Cat Contraceptives

Cat contraceptives prevent kitties galore.
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Usually it takes more than a visit to Planned Parenthood to keep your cat from having free-wheeling unprotected sex. The surgical procedure that permanently alters your kitty is the choice that most people make, but sometimes spaying isn't possible. It's good to know that, when necessary, there are alternative options.


Putting your kitty on "the pill" is an easy solution if she can't be spayed due to a medical condition or if you just want to leave the breeding option open for later in her life. Progestin pills will stop the heat cycle for your cat, but the trick is to give her the pills at a certain time during her cycle. Androgen drugs are available, too, and must be started 30 days before the heat cycle. Your vet can prescribe the pills and help you determine when to start giving them to your cat.


If you feel like you're doing good to remember to take your own medications, let alone having to remember specific times to supply birth-control pills to your cat -- not to mention the difficulty that involves -- you might want to opt for an injection that will keep her from ovulating. The synthetic hormone in these shots is what does the trick by conning your kitty's system into holding onto its eggs and not releasing them for fertilization.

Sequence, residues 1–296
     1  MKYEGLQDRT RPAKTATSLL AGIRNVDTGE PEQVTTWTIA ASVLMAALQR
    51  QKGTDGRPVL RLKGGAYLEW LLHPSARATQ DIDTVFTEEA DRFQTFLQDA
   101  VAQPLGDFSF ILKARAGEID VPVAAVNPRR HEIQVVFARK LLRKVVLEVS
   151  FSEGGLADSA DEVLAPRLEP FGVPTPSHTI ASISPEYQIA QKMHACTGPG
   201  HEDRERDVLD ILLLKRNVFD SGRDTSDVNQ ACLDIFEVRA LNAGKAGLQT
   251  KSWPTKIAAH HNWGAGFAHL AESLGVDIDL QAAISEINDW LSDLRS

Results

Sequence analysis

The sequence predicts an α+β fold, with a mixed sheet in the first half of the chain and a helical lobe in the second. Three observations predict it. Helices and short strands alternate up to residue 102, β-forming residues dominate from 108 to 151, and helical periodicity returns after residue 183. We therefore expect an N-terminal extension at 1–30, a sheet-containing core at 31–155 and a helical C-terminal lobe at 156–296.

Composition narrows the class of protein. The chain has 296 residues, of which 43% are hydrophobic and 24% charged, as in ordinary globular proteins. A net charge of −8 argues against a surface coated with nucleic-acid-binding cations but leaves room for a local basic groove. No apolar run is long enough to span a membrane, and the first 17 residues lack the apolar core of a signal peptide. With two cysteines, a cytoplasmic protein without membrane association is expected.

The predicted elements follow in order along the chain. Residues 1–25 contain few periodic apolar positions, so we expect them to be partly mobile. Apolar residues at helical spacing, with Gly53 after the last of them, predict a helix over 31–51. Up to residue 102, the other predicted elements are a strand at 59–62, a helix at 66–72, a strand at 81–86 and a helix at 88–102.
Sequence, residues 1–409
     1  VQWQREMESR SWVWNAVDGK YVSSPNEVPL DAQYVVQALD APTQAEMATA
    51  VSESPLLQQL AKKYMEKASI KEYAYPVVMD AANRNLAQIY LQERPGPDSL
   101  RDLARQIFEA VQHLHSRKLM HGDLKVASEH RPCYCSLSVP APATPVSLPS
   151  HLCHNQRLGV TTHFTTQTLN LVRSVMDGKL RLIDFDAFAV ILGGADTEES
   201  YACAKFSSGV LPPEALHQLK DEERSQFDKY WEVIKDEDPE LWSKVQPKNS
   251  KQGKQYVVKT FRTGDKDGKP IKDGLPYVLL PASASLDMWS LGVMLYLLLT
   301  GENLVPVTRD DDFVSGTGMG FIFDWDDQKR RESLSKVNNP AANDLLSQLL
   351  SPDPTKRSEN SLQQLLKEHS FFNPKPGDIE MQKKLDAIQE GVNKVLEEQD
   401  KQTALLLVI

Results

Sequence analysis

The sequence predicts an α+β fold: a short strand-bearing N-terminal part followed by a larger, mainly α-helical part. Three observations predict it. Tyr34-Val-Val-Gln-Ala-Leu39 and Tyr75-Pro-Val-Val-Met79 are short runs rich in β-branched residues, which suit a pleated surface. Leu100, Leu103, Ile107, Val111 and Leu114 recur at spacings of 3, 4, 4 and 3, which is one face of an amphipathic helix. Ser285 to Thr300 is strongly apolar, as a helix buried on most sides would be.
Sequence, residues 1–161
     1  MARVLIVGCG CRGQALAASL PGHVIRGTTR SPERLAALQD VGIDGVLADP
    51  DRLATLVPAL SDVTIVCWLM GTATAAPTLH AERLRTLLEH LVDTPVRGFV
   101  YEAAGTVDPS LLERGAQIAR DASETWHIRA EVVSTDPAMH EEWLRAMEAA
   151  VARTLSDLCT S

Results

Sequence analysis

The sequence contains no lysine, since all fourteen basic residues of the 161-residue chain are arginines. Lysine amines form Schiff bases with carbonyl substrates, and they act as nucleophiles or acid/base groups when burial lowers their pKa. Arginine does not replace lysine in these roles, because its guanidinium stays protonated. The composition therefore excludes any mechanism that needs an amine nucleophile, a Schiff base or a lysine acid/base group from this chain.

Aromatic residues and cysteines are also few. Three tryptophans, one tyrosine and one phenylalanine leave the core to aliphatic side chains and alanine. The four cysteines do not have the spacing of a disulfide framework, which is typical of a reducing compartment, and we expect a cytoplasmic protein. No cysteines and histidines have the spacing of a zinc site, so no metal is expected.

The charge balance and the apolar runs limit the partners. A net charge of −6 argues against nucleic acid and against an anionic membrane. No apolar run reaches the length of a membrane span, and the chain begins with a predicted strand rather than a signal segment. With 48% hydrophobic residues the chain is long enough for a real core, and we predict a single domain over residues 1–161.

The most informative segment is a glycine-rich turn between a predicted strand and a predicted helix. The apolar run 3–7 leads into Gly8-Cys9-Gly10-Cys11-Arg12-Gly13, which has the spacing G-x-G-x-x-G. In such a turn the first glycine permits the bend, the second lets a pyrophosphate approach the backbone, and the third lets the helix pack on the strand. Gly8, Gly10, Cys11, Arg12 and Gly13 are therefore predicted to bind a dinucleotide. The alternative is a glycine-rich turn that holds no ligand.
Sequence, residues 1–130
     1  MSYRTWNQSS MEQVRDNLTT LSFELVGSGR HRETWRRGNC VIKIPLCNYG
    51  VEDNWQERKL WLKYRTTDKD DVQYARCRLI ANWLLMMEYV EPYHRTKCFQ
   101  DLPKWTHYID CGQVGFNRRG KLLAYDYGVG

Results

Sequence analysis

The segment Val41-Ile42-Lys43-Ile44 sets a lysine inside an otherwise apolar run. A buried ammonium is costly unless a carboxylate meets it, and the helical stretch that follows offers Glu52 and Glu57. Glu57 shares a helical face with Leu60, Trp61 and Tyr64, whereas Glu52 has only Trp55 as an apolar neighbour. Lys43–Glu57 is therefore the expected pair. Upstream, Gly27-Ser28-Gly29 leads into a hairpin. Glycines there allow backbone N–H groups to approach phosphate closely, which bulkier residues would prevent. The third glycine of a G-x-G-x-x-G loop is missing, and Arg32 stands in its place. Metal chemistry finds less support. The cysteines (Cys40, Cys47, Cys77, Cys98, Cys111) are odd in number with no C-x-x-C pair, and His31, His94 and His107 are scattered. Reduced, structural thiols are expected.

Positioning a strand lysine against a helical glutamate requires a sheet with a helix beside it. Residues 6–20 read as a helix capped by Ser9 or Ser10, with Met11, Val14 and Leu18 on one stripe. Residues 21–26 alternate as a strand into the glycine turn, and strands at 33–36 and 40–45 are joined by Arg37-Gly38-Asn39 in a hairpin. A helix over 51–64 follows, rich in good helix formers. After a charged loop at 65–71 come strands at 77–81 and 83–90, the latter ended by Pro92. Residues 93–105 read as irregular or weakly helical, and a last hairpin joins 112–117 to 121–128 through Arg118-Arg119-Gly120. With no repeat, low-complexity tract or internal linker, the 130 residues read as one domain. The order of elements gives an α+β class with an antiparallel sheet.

There's not a lot of information on the use of birth-control implants in cats, but it may soon become more than just a possibility. Dr. Dawn Ruben reports on Pet that a birth-control implant that has been successfully used in humans is now being tested in cats. So far, the tests have been promising by effectively suppressing heat cycles for felines. Considering these implants can work for up to five years, you may only have to have your cat treated two or three times in her life to keep her kitten-free.

Side Effects

If you decide to go with a birth-control pill or shot for your kitty, be aware there may be a price to pay introducing hormones and medications into her system. Pills and injections can cause side effects like diabetes, liver disease, mammary gland cancer and infections, and cancer of the uterus. Less serious side effects of birth control drugs include hair loss and weight gain due to lower energy levels and increased appetite.

The Old-Fashioned Way

There is no medication that a male cat can be given that will act as a contraceptive, so short of convincing any male suitors to wear a condom, spaying your female is the most effective feline contraception, provided there are no medical reasons not to fix her. You won't have to remember to give pills or take her into the vet repeatedly for injections or implants, and you'll reduce her chances of having problems with her reproductive organs.

Always check with your veterinarian before changing your pet’s diet, medication, or physical activity routines. This information is not a substitute for a vet’s opinion.

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